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There can be no observance of fair trade practices unless there is given the protection of some governmental device which provides a floor below which wages cannot go and a ceiling above which hours of work cannot rise.

State government alone cannot afford this protection. Our experience in this connection is filled with the failure to secure adequate regulations of wages and hours caused by the ease of over-the-line evasions and the threat to local industries of competition from unregulated areas.

Some years ago, Wisconsin established a Trade Practice Commission. This Commission administered the law which was designed to secure minimum wages and maximum hours and to prohibit sales below reasonable costs, and to eliminate other unfair methods of competition. It met with partial success but wherever it ran up against interstate competition, its effectiveness disappeared. In the cleaning and dyeing industry, operators from Illinois established Wisconsin agencies in the southeastern part of the state, collected garments, transported them for service to Illinois and took them back to Wisconsin. This undermined the state program and the Wisconsin Trade Practice Commission was helpless.

There is no fair-minded employer who would not willingly adopt code of business ethics which would assure his employees adequate wages and decent working schedules, but he cannot be expected single-handedly to improve labor conditions. No one can ask him to step out of line and give himself into the hands of an irresponsible minority who admit only profit-taking as the guide to business conduct.

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What then is the answer? It is federal regulation. Federal regulation not in the way of uncontrolled discretion and undesirable extent of authority but federal regulation in the way of definite standards and a reasonable grant of power.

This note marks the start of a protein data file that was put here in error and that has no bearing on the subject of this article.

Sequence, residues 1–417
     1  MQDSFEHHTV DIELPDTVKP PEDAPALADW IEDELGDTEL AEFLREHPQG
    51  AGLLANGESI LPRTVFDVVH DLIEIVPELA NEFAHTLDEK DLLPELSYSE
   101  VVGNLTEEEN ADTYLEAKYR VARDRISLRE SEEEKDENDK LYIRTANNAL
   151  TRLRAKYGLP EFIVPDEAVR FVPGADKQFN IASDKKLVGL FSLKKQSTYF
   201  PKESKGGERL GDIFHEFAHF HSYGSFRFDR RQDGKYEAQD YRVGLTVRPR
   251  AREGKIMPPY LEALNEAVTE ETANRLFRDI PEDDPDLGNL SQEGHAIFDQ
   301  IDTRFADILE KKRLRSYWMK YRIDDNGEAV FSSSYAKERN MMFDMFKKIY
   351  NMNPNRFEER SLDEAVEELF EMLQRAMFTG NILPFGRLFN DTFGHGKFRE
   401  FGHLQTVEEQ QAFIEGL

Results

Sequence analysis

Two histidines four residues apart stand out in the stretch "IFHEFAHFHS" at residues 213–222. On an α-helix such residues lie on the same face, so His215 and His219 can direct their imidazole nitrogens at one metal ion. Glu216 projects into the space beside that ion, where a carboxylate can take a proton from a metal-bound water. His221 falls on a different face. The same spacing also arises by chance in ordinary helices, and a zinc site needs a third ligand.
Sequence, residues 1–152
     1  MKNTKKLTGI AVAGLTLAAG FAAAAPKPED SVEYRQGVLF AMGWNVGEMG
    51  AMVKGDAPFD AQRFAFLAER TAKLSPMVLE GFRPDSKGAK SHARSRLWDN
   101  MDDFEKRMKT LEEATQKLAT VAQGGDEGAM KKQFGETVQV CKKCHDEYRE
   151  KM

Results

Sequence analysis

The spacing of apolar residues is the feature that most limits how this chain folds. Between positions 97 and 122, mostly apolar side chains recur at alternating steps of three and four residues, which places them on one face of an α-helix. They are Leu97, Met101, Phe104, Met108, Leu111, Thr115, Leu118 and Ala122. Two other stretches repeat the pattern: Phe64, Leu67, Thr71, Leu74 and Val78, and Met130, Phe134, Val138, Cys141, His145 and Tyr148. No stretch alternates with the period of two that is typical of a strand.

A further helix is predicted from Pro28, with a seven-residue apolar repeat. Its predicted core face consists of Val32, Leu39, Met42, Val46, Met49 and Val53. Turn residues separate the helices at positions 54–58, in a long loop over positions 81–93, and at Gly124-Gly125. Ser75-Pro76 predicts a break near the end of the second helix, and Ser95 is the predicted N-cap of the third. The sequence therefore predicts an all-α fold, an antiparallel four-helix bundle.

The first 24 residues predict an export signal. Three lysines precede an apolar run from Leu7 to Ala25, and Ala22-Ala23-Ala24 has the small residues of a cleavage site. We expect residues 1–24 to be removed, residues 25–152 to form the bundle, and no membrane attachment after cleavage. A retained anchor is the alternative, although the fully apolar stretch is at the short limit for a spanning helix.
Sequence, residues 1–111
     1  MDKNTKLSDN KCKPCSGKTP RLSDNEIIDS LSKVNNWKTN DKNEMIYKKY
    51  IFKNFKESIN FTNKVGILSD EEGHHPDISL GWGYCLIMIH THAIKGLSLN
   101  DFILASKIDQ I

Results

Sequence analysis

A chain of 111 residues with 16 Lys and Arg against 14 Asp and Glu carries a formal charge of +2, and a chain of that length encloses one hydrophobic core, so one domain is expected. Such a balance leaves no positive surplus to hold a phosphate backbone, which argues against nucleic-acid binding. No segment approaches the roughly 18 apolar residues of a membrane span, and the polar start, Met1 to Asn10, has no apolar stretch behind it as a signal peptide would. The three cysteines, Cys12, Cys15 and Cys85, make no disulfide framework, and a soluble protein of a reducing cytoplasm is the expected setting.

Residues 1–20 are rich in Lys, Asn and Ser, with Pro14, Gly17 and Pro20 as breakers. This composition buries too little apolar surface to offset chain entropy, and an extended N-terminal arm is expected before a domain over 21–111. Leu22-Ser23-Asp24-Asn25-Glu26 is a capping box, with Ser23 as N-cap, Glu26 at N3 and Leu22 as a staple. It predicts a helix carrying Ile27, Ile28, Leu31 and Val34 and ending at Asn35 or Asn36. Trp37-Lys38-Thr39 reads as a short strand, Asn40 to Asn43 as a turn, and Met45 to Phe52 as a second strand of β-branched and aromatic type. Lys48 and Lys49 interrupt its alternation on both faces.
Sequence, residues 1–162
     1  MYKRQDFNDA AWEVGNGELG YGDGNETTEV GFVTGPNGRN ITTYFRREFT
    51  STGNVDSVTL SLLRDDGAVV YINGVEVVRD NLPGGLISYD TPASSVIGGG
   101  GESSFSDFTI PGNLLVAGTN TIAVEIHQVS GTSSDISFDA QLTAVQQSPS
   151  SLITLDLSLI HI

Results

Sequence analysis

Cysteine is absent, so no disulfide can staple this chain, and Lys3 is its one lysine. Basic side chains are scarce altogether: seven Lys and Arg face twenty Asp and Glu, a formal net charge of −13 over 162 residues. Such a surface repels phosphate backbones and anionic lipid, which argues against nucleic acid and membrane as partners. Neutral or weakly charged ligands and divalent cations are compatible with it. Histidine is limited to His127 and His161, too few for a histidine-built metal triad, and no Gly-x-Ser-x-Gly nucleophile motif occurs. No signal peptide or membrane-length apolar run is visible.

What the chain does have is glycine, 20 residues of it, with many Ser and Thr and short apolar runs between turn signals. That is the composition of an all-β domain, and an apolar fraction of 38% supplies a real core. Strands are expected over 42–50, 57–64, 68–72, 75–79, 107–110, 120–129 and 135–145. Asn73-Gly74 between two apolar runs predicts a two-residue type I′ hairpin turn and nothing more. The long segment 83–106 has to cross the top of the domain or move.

The Fair Labor Standards Act which becomes effective October 24th, as you know, sets forth a minimum hourly wage in employment covered by the law of 25 cents; at the end of one year this minimum advances to 30 cents; and, at the end of seven years, it advances to 40 cents. The law also provides for a forty-four hour maximum workweek at regular pay for a period of a year; for the next year a forty-two hour week; and, after October, 1940, a forty hour workweek. Overtime is to be compensated at the rate of tine and one-half for all work above the maximum limit. In addition, oppressive child labor is prohibited.

Now the effect of this program on the country as a whole will be reflected here in Washington. Every increase in purchasing power to the wage earner will result in increased sales of goods and services in this city and every safeguard from cut-throat competition will aid the business man of this city in his fight for fair trade practices.

You have already a minimum wage law in the District of Columbia which applies to women and minors. It provides for wage conferences for local industries which guarantee a standard workweek at certain wage rates with special allowances for overtime. These wage conferences represent equally all elements in the business life of the District and are characterized by an extensive study of competitive conditions.